German sportswear maker Puma garnered more revenue than the combined sales of its rivals - Adidas, Nike, and Reebok - last fiscal year, paced by increasing awareness about fitness and surging demand for 'athleisure' wear fn the country.
With revenues of Rs 2,044 crore during FY21 ending December, Puma surpassed footwear company, Bata, for the first time in sales. It also outsold sports retailer Decathlon and apparel brands Hennes and Mauritz (H&M) and Zara, according to the latest filings with the Registrar of Companies.
Since the onset of Covid-19, demand for fitness wear and sports equipment for sporting disciplines other than cricket has expanded in India. The company said despite restrictions, Puma continued to invest in retail expansion, local supply chain, and new products at a time when most others were considering store closures and cutting down inventory size.
Abhishek Ganguly, MD, Puma India said, "There were headwinds but we also saw the tailwinds and traction around the brand every time we would open back. So, we felt confident and invested in the supply chain, in local relevance, in more distribution and customer experience. People during the pandemic were focusing on health and fitness and they wanted to evolve their lifestyle. So, there was a huge transition around how people saw health and fitness, and that increased demand for us. 'Athleisure has become the go-to outfit."
On average, the company sold 1.2 lakh pairs of footwear and opened a new store every week to take the total outlet count to 411. The brand also generated robust online demand as it had invested in e-commerce a few years ago. Puma generated nearly 43 percent of its sales from e-commerce, a sharp jump from 25 percent in 2019.
Globally, India is one of the fastest-growing for the Puma Group. However, footwear has been one of the worst-affected segments after Vietnam, a crucial supplier, ordered a mandatory shutdown of factories that halted production for several weeks between July and October due to Covid.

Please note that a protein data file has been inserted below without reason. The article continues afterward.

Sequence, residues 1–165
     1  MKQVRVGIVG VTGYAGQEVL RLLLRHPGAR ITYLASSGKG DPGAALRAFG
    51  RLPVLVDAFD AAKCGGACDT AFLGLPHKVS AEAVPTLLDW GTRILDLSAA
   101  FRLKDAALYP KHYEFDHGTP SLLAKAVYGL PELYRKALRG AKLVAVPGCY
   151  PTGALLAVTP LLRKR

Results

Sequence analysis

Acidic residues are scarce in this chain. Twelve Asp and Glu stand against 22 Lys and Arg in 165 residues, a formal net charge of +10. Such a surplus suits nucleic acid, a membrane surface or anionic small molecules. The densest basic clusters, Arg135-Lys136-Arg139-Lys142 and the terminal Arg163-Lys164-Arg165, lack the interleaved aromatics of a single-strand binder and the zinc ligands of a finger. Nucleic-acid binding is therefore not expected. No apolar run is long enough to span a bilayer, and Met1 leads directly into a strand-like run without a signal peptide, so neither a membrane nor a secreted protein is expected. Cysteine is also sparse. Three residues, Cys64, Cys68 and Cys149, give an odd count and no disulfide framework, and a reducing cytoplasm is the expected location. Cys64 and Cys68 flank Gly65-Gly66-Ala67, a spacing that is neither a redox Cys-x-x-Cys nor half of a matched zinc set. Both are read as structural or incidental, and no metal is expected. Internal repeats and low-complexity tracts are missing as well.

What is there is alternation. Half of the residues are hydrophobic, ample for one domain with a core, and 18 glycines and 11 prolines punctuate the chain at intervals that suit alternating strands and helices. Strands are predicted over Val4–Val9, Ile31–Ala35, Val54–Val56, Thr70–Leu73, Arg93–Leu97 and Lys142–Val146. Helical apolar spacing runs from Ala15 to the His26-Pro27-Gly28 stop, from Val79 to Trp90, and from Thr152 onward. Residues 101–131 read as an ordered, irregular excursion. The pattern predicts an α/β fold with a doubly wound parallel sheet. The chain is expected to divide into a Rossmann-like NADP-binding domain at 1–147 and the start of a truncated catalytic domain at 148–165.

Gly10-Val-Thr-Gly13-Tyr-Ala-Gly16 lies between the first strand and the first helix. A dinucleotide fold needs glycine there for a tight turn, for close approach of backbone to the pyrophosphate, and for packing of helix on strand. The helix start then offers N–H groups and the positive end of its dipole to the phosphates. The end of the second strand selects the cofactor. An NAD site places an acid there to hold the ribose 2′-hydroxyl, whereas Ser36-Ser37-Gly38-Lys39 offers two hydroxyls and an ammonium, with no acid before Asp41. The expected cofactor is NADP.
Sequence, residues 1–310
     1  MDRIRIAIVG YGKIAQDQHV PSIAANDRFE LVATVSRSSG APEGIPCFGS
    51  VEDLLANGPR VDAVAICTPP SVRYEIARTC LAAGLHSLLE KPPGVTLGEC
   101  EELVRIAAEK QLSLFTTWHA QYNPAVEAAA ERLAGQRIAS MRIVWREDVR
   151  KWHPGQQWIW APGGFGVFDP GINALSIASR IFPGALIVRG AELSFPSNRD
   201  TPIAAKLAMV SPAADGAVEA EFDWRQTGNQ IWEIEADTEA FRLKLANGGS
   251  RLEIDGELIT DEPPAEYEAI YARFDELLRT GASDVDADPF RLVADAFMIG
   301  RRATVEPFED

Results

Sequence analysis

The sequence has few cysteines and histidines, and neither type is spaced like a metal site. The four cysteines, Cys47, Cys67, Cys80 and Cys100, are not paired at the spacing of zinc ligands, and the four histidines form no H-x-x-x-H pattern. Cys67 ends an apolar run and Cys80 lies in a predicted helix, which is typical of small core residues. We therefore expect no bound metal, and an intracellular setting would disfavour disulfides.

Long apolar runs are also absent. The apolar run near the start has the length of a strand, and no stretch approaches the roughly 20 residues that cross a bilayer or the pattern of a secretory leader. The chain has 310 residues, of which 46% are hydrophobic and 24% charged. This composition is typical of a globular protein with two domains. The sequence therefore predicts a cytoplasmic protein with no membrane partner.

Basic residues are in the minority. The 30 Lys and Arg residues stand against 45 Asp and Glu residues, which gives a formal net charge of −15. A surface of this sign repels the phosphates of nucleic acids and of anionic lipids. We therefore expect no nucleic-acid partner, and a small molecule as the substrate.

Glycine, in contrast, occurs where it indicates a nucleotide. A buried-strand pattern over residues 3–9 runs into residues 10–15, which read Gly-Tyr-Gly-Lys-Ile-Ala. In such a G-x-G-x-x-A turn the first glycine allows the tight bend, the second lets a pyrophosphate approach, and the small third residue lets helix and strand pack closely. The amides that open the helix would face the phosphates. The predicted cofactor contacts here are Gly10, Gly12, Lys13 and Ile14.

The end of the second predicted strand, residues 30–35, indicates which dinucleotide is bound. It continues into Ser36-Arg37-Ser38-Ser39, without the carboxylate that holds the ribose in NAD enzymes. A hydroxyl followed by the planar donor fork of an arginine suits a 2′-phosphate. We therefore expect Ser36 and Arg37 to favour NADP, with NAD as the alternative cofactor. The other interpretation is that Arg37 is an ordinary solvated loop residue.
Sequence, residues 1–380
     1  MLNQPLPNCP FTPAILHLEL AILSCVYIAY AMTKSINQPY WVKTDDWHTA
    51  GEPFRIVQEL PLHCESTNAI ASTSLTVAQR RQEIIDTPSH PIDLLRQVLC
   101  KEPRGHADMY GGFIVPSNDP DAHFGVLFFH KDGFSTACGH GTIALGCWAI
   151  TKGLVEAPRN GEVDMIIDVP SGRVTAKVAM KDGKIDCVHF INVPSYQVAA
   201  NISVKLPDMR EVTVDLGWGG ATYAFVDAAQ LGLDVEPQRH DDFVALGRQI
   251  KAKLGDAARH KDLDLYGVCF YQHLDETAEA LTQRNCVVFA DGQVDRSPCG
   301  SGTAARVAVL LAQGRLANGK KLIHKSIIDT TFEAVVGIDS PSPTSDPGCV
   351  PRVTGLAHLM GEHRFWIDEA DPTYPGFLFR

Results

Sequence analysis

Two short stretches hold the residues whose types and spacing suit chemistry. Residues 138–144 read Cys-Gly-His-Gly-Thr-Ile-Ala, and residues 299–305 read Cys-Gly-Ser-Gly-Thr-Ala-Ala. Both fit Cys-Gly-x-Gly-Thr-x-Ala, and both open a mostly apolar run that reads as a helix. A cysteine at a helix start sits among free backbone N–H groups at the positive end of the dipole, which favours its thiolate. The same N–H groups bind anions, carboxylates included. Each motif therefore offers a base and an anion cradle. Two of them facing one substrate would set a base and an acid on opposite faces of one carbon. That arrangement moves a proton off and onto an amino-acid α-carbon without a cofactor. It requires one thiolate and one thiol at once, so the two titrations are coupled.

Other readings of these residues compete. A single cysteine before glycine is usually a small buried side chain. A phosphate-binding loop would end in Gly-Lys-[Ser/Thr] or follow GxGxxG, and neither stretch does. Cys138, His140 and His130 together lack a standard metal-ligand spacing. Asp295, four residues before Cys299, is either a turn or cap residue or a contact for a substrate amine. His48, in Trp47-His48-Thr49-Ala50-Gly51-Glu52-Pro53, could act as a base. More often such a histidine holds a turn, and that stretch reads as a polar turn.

The supply crunch due to port congestion, closure of global manufacturing hubs, increase in fuel costs, and labor shortages fueled the operating costs for most companies. Puma said it has increasingly been reducing its dependence on imports and invested in local manufacturing, which helped the brand increase its local sourcing to 40 percent last year as compared with 31 percent two years ago.
"The mandate is that India is a super important market for us and we will support the entire ecosystem," Ganguly said. "In terms of local sourcing, we build very strong partnerships with Indian manufacturers so that dependence on the global supply chain is eased a lot."
India is one of the fastest-growing and largest international markets for footwear companies. Brands such as Adidas, Nike, and Puma have been around for nearly two decades in India and have grown by partnering with cricket and other sporting activities. However, many players have shifted their positioning to lifestyle and regular athletic wear brands.
"In India, sports culture is growing faster compared to a few years ago when non-cricket sports were not relevant. Nearly half of the Indian population is below 25 years old and things such as fashion consciousness, per capita footwear consumption, aspiration in tier two tier three - will only grow," Ganguly added.
India has also seen increasing interest in sports such as kabaddi, soccer, volleyball, hockey, and badminton. It now hosts professional leagues in most of these sporting disciplines, drawing participants from across the globe. While Puma partnered with cricketers KL. Rahul and Virat Kohli, the brand also invested in Indian hockey, athletics, and soccer.